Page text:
Local and international companies registered 7,997 trademarks with the Ministry of Commerce 2020, up 30 per cent over the previous year, the ministry reported.
The ministry said it mediated 23 cases of infringement and dissolved 37 trademarks during the year.
Ministry spokesman Pen Sovicheat told The Post that trademark registration offers protection for appellations of origin linked to specific geographical locations and associated qualities, reputations and characteristics, especially those designated as Geographical Indications (GI).
"GI trademark registration is an important tool to encourage the community to produce high-quality GI products by strengthening and expanding production chains, improving systematic quality control, and leading to more exports abroad," he said.
The report revealed that the ministry is also working on the domestic GI registration of Kampot salt and “fleur de sel” (flower of salt).
“Fleur de sel” is a type of salt mainly associated with the northern coast France that forms as a delicate, flaky crust on the surface of seawater.
The ministry is also determined to promote the current GI products such as Kampot pepper, Kampong Speu palm sugar and pomelos grown in Kratie province’s Koh Trong commune, build a reputation around the commodities and foster development of representative associations, the report said.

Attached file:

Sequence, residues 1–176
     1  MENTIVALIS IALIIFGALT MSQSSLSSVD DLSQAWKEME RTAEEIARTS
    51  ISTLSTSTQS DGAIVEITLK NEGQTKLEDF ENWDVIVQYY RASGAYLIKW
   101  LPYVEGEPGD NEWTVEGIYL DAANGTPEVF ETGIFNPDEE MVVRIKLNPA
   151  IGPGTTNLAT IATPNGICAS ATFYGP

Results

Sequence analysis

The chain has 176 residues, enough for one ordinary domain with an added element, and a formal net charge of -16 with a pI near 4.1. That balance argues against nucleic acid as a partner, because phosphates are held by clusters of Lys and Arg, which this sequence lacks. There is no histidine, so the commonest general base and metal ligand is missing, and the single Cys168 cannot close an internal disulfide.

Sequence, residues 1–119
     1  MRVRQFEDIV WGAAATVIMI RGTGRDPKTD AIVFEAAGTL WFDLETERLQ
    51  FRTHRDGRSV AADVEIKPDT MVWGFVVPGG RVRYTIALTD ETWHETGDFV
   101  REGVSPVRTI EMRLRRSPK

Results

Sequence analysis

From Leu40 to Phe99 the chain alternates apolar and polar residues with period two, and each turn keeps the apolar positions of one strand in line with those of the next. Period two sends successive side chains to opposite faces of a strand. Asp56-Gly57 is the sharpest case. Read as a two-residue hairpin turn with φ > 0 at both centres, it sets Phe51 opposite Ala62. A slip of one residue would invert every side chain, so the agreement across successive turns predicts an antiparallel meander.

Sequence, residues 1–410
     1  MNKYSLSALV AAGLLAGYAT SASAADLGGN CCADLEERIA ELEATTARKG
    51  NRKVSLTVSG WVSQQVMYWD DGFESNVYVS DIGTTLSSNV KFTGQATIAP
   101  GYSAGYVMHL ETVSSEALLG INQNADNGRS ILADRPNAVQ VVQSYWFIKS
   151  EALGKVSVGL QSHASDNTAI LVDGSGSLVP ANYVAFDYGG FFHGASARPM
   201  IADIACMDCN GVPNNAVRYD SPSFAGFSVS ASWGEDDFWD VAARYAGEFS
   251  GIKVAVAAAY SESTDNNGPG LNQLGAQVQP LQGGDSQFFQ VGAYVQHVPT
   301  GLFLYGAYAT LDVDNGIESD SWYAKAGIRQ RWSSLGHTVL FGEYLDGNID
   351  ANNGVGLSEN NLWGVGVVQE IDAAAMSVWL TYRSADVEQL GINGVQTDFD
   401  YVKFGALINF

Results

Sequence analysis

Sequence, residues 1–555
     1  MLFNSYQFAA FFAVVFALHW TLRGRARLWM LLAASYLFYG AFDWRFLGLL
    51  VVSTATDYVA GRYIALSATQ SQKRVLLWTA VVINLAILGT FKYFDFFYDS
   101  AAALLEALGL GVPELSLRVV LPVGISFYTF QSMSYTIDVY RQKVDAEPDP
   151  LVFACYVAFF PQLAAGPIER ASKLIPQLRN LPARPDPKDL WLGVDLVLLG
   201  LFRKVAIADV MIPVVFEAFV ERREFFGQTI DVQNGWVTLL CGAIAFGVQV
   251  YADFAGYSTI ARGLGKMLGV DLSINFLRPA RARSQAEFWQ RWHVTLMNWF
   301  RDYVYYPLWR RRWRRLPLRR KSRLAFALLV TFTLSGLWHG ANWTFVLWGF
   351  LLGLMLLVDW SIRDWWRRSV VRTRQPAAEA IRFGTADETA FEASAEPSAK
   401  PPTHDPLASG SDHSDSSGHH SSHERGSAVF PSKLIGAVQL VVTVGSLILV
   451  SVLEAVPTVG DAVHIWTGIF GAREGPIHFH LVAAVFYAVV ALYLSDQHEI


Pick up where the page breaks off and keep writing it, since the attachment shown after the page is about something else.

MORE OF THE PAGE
Earlier this year, the ministry registered a type of rice flakes made in Kampong Thom province’s Sankoa district – located in the western reaches of Kampong Svay district – under the domestic “Ambok Kampong Thom” GI label. The flakes are cooked rice that is fried dry and pounded by mortar and pestle.
The ministry unveiled plans to register other products as collective trademarks, such as “Nom Banh Chok Siem Reap” (a local variety of rice noodle), the silver-copper sculpting typical of Kampong Luong and Koh Chin communes in Kandal province’s Ponhea Leu district, Kampong Chhnang province-style pottery, as well as steamed balut from Sre Ronong commune in Takeo province’s Tram Kak district.
The ministry has also identified items including Khmer silk, Preah Vihear organic milled rice, Pursat oranges, Svay Rieng’s Smach milled Rice, durian from Battambang province’s Samlot district, Pailin longan and Neang Am milled rice as potential GI products.